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35 Shots of Rum

Parisian tale of heart-stung family is a lovely slow burn

Posted By on Wed, Nov 25, 2009 at 12:00 AM

Lionel is heartsick widower, quietly toiling as a Parisian train conductor, silently watching the world stream past him. We see many POV shots of subway cars charging forward, but, like Lionel’s own life, the film runs at a more deliberate pace. He lives with Josephine, his pretty, university-student daughter, in a drab high-rise somewhere in the concrete sprawl of greater Paris. They’ve been experiencing several years of isolated domestic tranquility, every day gently comforting each other over the loss of Jo’s mother, though doing their best to not name their pain. Both father and daughter have begun relationships with lonely, warm-hearted neighbors, and these connections begin to gradually draw them apart and back into the world, whether they want to leave home or not.

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Monday, November 23, 2009

New York by way of Detroit Artist Tristan Eaton Redesigns SoulTrain

Posted By on Mon, Nov 23, 2009 at 2:35 PM

Tristan Eaton is originally from L.A., but Detroit blood runs through his veins. Afterall, this is the city where the guy blossomed into one of pop culture's most relevant artists. Now based in New York, we feel we can claim him as our son. His mother, Gillian Eaton, accomplished actress...

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Thursday, November 19, 2009

Richard Pryor: Regift of the year?

Posted By on Thu, Nov 19, 2009 at 4:08 PM

Back in the day, the City of Detroit bequeathed unto the legendary Pryor the Spirit of Detroit Award for an animal rescue he founded here with his wife. Well, times are hard. It's up for auction here. Thoughts?...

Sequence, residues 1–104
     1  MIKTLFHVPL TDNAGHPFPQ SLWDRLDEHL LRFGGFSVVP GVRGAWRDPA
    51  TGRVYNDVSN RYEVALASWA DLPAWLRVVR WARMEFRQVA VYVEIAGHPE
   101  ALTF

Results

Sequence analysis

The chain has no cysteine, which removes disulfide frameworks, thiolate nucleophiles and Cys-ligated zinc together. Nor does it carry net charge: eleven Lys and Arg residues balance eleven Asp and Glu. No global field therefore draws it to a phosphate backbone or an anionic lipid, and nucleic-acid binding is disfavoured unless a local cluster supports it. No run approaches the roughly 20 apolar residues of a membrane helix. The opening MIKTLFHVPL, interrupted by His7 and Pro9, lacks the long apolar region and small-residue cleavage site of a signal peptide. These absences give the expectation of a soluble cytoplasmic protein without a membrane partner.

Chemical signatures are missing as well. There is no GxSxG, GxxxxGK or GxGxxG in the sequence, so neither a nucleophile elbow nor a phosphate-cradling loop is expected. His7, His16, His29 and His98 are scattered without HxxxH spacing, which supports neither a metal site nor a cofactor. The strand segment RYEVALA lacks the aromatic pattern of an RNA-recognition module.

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Wednesday, November 18, 2009

Antichrist

Want to see a penis masturbated until it spurts blood? This film is for you!

Posted By on Wed, Nov 18, 2009 at 12:00 AM

Lars Von Trier once made arresting movies (Dancer in the Dark, Breaking the Waves) that ignored critics and challenged audiences. Today he makes movies to spite them both. If you think Willem Dafoe got it bad in Last Temptation of Christ (which probably had no small part in getting him cast here), wait until you see his wife screw a grindstone into his leg. Divided into four chapters bookended with an epilogue and prologue, Von Trier’s plodding parable follows He (Dafoe) and She (Charlotte Gainsbourg), a couple grieving their young son’s death. Hoping to prevent his wife’s impending mental breakdown, psychiatrist He decides to take She to their woodland cabin — called Eden — and treat her himself. Grief, guilt, the chaos of nature, and marital discord escalate into gruesome violence and disturbing hallucinatory visions.